Upon joining the Free French, he was sent back to Brittany on two secret missions before going to the US to conduct counter-intelligence work for Admiral Émile Muselier, head of the Free French navy; he was also responsible for their insignia, the Cross of Lorraine, to differentiate them from the Vichy navy. He was offered the post of Naval Commissioner for the Free French but turned it down to concentrate on Radio Londres.
While in New York, Bauer met Armstrong, who introduced him to Dizzy Gillespie and Charlie Parker. Back in London, Bauer played with the violinist Stéphane Grappelli and aviator René Mouchotte; later he started a jazz programme, Radio Swing Club.
Post-war, Bauer enjoyed a plethora of jobs. First, he became a war correspondent for AFP, the French press agency, reporting from the Philippines and Indochina.
In 1947, he was appointed chief of staff to former colleague Pierre Bourdan, minister for youth and the arts, before becoming an advisor, in 1953, to Eugène Claudius-Petit, the minister of reconstruction.
Concurrently, he was secretary-general of France’s most prestigious state-run theatre, the Comédie-Française, which during his tenure hosted world stars including Charlie Chaplin and Orson Welles.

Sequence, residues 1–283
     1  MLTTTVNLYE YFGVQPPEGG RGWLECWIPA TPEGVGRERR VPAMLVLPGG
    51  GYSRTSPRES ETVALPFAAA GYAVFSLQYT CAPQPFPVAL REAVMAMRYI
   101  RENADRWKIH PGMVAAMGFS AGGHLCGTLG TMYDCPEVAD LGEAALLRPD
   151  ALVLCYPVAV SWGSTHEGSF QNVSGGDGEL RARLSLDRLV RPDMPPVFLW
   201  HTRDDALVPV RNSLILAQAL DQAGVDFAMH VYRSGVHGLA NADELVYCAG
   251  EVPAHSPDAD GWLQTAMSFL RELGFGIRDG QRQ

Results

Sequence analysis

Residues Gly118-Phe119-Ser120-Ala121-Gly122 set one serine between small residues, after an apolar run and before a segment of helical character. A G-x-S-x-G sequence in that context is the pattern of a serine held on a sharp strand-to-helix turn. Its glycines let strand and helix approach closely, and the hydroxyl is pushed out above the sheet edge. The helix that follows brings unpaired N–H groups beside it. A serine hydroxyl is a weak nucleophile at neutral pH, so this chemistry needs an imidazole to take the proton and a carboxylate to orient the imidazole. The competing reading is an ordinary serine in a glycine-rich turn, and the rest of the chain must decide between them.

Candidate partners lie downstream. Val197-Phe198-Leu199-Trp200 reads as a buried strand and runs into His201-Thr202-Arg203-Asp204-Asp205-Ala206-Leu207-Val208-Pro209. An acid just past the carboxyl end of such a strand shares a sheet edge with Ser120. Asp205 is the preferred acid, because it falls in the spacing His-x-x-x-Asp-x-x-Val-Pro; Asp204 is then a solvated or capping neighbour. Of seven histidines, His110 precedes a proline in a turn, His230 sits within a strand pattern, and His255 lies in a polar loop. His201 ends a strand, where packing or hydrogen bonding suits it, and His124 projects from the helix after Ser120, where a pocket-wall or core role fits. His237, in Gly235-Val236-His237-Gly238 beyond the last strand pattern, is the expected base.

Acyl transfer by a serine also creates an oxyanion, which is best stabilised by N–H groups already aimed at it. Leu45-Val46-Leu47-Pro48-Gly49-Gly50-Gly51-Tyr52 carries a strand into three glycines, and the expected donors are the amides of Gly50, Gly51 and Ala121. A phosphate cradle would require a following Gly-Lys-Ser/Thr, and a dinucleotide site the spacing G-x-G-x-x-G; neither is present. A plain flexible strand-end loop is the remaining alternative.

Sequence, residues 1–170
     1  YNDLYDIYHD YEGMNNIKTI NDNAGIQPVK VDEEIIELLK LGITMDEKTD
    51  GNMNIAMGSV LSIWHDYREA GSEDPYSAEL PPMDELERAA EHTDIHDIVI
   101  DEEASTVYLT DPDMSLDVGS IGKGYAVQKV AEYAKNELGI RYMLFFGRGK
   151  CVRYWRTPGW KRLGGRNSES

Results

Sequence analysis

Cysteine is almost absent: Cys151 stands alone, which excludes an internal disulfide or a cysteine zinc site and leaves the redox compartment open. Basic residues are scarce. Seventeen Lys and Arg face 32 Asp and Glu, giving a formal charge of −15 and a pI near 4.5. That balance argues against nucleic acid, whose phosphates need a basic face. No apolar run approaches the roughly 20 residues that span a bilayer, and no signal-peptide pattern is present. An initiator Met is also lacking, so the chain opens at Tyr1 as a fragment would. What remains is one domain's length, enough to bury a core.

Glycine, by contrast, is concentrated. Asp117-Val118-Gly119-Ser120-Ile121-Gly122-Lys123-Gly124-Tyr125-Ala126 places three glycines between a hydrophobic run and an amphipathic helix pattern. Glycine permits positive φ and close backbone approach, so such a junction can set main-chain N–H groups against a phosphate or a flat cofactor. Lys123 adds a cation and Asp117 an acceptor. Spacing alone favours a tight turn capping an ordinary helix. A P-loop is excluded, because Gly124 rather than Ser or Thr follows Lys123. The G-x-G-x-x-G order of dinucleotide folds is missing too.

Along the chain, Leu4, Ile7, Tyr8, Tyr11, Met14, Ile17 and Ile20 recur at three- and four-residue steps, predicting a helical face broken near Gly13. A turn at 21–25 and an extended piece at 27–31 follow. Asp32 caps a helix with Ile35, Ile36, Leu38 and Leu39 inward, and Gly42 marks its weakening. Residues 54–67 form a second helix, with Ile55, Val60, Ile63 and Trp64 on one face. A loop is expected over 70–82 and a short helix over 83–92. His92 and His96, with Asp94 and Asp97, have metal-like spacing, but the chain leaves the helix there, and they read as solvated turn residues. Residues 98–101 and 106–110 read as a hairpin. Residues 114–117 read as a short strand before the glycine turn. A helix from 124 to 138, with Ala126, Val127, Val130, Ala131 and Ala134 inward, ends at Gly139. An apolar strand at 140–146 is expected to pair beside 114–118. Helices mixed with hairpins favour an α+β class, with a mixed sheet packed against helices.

After a sabbatical to New York in the mid-1950s to learn about public relations, Bauer founded France’s first PR company, Franck Bauer & Associés. Within a few years, it became the French affiliate of the multi-million dollar US consultancy firm Hill & Knowlton, which was branching out across Europe. He later helped organise Concorde’s first visit to America.
He went on to lecture on PR at the Sorbonne, Paris, and was appointed commissar of the French pavilion at the 1967 Expo in Montreal. In the early 1990s, he worked as a consultant on Euro Disney near Paris, before later building a smaller theme park in central France.
He enjoyed the finer things in life and on occasion was frivolous with money; he attributed this ‘living for the moment’ to his time in London during the Blitz.
Bauer married twice. His first marriage to Monique Fichter was short-lived and ended shortly after the war. Years later, he married his brother-in-law’s niece, Marie-France Crochet, and the couple had two children, Cédric and Axel. They too divorced.
Bauer died in a nursing home and is survived by his children.